Defendant and Germann pursued Piazza into the kitchen where defendant picked up empty beer bottles and used them to strike Piazza's head and body. When Michael Ricciardella interceded to stop defendant's pummeling of Piazza, defendant turned on Ricciardella, breaking a bottle over his head and biting him in the chest. In return, Ricciardella stuck his thumb in defendant's eye. At about this point Fallas yelled that the police were on their way, and the combatants poured out of the apartment. As defendant was leaving in his car, he observed Piazza in the parking lot and attempted to run him down --without success.

Defendant's counsel, in summation, argued that the violence in Piazza's apartment was a consensual fight, not a burglary. With regard to the burglary charge, the court instructed that it's true with regard to [defendant and Germann] that they entered without license or privilege to be there. But there is some evidence here that Mr. Fallas may have --- it could be inferred that he had license to be there or some type of implied or expressed invitation, whatever you may find from that testimony or evidence if you believe it to be true.

The jury convicted defendant of second-degree burglary, two counts of second-degree aggravated assault, and one count of simple assault -- a lesser-included offense of aggravated assault -- related to defendant's attempt to run down Piazza.*fn3

After the verdict, defendant was apprehended in Mexico and extradited to New Jersey.

Defendant moved for a new trial, arguing that the State could not try him in absentia on charges in an indictment on which he was never arraigned. The trial court denied that motion. While acknowledging that "technically there was no arraignment on the superseding indictment in the presence of the defendant," the court nevertheless found that defendant knew at the June 9 conference that the State intended to seek a new indictment that would include additional charges arising from the same events involving the burglary indictment.

The court sentenced defendant on the second-degree burglary conviction to an extended term of seventeen years in state prison and on the two second-degree aggravated assault convictions to seven-year terms, to run concurrently with each other but consecutively to the burglary charge. On the simple assault conviction, defendant was sentenced to a six-month concurrent term. In all, defendant received a twenty-four-year-aggregate-term sentence subject to an eighty-five percent parole disqualifier under the No Early Release Act, N.J.S.A. 2C:43-7.2.

B.

In an unpublished per curiam opinion, the Appellate Division affirmed the burglary and simple assault convictions and reversed the two aggravated assault convictions. The panel remanded for a new trial on the reversed convictions and for a new sentencing hearing on the burglary conviction.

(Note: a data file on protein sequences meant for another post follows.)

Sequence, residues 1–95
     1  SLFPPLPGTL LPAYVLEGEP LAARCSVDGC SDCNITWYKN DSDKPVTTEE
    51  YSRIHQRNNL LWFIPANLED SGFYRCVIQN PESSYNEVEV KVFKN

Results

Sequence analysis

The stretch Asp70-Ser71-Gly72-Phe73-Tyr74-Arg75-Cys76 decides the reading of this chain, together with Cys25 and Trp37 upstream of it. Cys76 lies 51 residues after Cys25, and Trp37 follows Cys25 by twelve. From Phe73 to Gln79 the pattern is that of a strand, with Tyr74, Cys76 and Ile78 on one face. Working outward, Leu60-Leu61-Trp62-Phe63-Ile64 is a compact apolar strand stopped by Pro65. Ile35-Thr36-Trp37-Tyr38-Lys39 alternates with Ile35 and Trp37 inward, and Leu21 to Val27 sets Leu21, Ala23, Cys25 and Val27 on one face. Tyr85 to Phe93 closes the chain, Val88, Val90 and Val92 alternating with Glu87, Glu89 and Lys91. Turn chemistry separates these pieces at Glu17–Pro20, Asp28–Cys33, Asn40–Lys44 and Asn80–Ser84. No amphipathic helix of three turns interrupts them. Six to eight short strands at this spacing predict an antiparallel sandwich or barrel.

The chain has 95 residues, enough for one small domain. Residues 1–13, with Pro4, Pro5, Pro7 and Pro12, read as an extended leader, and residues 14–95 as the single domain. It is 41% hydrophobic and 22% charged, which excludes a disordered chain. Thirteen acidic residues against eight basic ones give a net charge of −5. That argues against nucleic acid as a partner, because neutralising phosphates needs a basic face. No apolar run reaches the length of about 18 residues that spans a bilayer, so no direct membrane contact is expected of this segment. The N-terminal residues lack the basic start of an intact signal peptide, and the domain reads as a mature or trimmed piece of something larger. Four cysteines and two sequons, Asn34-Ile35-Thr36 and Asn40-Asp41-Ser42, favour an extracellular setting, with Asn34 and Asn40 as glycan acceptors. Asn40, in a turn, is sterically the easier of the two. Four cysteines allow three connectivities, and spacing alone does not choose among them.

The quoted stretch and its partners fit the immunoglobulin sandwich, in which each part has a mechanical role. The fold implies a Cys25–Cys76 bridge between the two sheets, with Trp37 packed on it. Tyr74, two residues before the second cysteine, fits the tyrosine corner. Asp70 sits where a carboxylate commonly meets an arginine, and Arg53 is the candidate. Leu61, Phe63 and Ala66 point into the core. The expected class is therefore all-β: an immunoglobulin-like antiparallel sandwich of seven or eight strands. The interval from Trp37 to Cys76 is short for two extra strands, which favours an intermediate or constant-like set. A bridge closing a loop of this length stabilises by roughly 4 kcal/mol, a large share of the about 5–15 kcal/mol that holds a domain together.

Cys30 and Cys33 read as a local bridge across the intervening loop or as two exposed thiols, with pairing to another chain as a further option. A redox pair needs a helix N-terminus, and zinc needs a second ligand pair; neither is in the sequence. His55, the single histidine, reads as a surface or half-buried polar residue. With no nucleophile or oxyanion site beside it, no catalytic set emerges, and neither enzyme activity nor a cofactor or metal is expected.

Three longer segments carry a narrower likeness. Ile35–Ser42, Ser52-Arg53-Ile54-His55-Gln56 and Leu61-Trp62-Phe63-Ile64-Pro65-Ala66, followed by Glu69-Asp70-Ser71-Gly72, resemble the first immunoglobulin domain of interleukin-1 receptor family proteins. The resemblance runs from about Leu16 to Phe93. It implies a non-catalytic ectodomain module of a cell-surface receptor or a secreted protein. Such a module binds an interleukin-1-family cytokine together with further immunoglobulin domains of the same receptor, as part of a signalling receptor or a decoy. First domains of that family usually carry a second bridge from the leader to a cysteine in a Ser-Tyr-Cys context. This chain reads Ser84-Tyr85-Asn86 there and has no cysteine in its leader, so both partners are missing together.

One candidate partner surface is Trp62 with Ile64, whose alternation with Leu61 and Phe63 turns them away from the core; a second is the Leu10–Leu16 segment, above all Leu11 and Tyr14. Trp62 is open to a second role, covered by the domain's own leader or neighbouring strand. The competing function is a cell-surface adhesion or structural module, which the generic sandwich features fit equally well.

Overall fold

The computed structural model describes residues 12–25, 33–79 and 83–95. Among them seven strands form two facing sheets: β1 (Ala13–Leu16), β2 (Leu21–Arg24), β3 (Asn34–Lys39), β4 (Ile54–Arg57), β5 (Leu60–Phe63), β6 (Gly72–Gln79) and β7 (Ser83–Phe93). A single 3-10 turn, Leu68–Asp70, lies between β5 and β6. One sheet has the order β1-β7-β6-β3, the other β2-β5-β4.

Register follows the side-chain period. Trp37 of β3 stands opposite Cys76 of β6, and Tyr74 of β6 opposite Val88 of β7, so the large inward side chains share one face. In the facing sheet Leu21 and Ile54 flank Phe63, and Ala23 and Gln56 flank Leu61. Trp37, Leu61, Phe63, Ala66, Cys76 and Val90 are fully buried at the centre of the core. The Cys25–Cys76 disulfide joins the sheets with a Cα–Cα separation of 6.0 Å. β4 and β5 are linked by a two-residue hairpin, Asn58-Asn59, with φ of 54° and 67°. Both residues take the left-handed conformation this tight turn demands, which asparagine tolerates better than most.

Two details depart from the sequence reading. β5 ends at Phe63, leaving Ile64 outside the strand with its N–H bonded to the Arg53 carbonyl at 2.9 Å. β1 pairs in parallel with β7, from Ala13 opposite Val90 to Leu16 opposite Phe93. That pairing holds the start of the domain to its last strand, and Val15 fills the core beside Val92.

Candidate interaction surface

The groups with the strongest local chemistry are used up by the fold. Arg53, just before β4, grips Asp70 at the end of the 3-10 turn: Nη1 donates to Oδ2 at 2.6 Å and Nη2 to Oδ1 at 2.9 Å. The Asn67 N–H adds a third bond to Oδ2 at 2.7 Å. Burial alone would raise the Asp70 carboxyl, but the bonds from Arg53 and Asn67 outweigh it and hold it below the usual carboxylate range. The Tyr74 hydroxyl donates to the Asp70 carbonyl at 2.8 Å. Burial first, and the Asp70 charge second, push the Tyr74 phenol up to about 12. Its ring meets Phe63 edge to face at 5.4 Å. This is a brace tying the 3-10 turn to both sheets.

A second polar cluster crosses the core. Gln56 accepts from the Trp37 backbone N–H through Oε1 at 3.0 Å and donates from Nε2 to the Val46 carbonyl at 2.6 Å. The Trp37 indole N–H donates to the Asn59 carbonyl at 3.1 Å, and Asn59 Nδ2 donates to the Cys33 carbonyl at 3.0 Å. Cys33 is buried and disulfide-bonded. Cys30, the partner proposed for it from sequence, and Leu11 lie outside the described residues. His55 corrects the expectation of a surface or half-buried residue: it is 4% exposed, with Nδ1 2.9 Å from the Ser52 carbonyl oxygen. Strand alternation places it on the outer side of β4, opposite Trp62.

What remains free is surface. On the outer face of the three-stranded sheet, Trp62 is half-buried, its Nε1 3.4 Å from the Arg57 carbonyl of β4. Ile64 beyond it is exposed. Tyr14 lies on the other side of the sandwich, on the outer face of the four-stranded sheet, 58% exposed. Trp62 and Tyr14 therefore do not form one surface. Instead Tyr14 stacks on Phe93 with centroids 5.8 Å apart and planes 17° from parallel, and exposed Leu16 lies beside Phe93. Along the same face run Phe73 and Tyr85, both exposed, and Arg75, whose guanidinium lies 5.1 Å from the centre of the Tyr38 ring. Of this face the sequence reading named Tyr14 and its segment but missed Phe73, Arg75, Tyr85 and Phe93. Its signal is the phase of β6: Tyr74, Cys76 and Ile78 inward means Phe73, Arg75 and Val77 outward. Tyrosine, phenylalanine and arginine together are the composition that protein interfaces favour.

First, the panel determined that defendant's trial on the superseding indictment violated neither Rule 3:16(b) nor principles of fundamental fairness. The panel recognized that "defendant was not formally arraigned on the superseding indictment," but held that he "had adequate knowledge of the pending charges and his failure to appear was knowing, voluntary and unjustified." In making that finding, the panel emphasized that at the June 9, 2003 conference defendant was on notice that the prosecutor would be seeking a superseding indictment, that the trial was scheduled for July 28, 2003, and that the trial would proceed even if he did not appear. In addition, the panel reasoned that although defendant was charged with six counts of aggravated assault in the superseding indictment that were not contained in the original burglary indictment, "the assaultive nature of the charges was inherent in the original indictment."

It reached that conclusion because the original indictment charging second-degree burglary alleged that defendant entered the residence "'with the purpose to commit an offense within, and in the course of committing the offense purposely, knowingly or recklessly did inflict, attempt to inflict or threatened to inflict bodily injury on another.'" The language in the second-degree aggravated assault counts, however, alleged that defendant "'purposely did attempt to cause serious bodily injury,'" thus requiring proof not necessary to convict on second-degree burglary. The panel nevertheless deemed defendant to have sufficient advance notice of the aggravated assault charges based on the allegations in the burglary charge. Therefore, the panel maintained that the trial court did not abuse its discretion in trying defendant in absentia.